Posts Tagged ‘Traditional Ballads’

Naomi Wise

June 3, 2009

Tomorrow is my 22nd annual walk and talk on Randolph County history for the Asheboro-Randolph Chamber of Commerce.  The Chamber’s “Leadership Randolph” program was the whole reason I started this blog several years ago, and the reason I developed the Randolph County Chronology and Bibliography that are attached to the blog. In my attempt to get things down in writing that I’ve spoken to the class about for years, I’ve written more here this year than in all the other years combined. Some major topics I have avoided, however, because they really need a modern, in-depth treatment—more than I can usually justify on this site.

Naomi Wise is one of those topics. The nutshell version is that Naomi Wise, an unmarried Randolph County girl, was supposedly drowned by her lover, Jonathan Lewis, in a lover’s quarrel in April 1807. Beyond that, details vary, but over the years the story was set to song, and became very popular. The song is now considered the oldest American murder ballad, and its music is actually the living landmark of the event.

The murder on which the song is based really happened in Randolph County more than two hundred years ago, yet sadly, little physical evidence remains. The tombstone shown above is located in the graveyard at Providence Friends Meeting, on Providence Church Road west of New Salem Road in Providence Township, Although a hundred or more years old, the stone is not original; it moreover bears an inaccurate date of her death. Perhaps that makes it the perfect emblem of the story of Naomi Wise.

I’ve told the story for Leadership Randolph, and lately in the computerized multimedia age I’ve played the 60s Doc Watson version on CD through my Jeep speakers. Here’s the 21st-century equivalent, the embedded YouTube video of the Doc Watson recording-

Doc Watson is just the most contemporary artist who has sung a version of this song. Folkorists such as Bascom Lamar Lunsford and others have collected and recorded other versions, with widely-varying lyrics. As discussed at length in the most recent publication on the subject [NAOMI WISE: Creation, Re-Creation and Continuity in an American Ballad Tradition,” by Eleanor R. Long-Wilgus (Chapel Hill: The Chapel Hill Press, 2003)], the many versions of the ballad occurred as a lost original version was gradually passed down from singer to singer since the actual events occurred.

(a copy of the ballad of Naomi Wise in the handwriting of Miss Laura Worth, on a 1920s voter registration form)

The “standard” version of the ballad is the one attached to the 1851 narrative story by Braxton Craven entitled “Naomi Wise: Or, The Wrongs of a Beautiful Girl.” Craven, the headmaster at that time of the Normal College, soon to be Trinity College and ultimately Duke University, romanticized the story so as to make Naomi Wise an innocent victim and heroine of the story in a fashion that is still familiar with the Lifetime movie channel, Nancy Grace and Greta van Susteren on cable TV. In Craven’s story, the innocent virginal 18-year-old orphan girl was lured to her doom by a dastardly sexual predator who was ultimately caught and punished for his crime. That’s the version perpetuated in the ballad text printed by Craven, and in its numerous reprintings and transfigurations over the years. It’s a version that was probably written to conform with the age-old English song tradition of “Murdered Girl” ballads.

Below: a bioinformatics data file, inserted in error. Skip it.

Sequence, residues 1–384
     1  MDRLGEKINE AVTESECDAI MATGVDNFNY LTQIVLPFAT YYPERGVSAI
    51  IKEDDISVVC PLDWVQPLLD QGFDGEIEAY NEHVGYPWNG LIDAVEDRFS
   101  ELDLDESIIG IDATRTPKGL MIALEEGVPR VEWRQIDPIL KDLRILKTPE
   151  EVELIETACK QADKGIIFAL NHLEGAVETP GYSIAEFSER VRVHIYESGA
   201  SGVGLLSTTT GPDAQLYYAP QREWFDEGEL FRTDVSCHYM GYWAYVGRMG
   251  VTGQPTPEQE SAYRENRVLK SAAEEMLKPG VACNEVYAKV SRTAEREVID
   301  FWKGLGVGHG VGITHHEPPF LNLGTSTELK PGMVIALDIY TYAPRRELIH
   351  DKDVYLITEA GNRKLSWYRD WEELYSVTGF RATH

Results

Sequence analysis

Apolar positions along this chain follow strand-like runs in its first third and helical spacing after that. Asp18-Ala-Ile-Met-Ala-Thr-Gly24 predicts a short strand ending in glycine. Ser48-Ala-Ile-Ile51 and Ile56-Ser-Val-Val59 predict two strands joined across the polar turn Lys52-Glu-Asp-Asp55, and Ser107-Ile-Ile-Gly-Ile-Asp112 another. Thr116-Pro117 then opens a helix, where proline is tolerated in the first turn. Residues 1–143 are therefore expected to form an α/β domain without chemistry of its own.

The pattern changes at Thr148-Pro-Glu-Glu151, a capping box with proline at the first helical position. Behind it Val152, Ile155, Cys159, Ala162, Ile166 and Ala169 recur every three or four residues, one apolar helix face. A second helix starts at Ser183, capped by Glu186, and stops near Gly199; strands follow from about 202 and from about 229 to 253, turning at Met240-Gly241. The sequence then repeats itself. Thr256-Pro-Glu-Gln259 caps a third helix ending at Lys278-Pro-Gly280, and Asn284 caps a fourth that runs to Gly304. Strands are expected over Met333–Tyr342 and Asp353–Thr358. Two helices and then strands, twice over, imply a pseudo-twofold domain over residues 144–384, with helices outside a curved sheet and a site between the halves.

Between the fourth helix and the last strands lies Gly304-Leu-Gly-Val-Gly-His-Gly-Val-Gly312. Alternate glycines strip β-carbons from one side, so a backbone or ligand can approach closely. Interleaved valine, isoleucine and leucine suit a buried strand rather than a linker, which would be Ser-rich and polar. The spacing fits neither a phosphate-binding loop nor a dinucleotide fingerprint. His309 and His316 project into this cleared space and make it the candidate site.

A story I’ll tell you

About Naomi Wise,

How she was deluded

By John Lewis’ lies….

He promised to meet me

At Adams’ springs;

He promised me marriage

And many fine things…

I got up behind him

And straightway did go

To the banks of Deep River,

Where the water did flow…

“No pity, no pity,”

The monster did cry;

“In Deep River’s bottom

your body shall lie.”

The wretch them did choke her,

As we understand,

And threw her in the river,

below the mill dam….

(The Story of Naomi Wise was once considered the signature event of the Randleman area, and for several years high school students acted it out in a spring pageant on the riverside. But the bicentennial of the event in 2007 passed without notice.)

As Eleanor Long-Wilgus discusses briefly in her much longer analysis of the ballad lyrics, the true story is, as usual, much less black and white. A detailed analysis of the history behind the ballad can also be found in “Omie Wise: The Ballad as History,” by Molly Stouten, published in Spring 1997 issue of The Old-Time Herald magazine. Hal Pugh, owner and operator with his wife Eleanor of the New Salem Pottery, are modern Randolph County’s guardians of this story, and have done more research than anyone else I know about Naomi Wise (publish! Publish!) In recent years an early 19th century document has been discovered in the Special Collections of the UCLA Library which is the only contemporary account of the event. Entitled “A true account of Nayomy Wise,” it is a lengthy poem found in a penmanship copybook belonging to Mary Woody and her brother Robert Woody.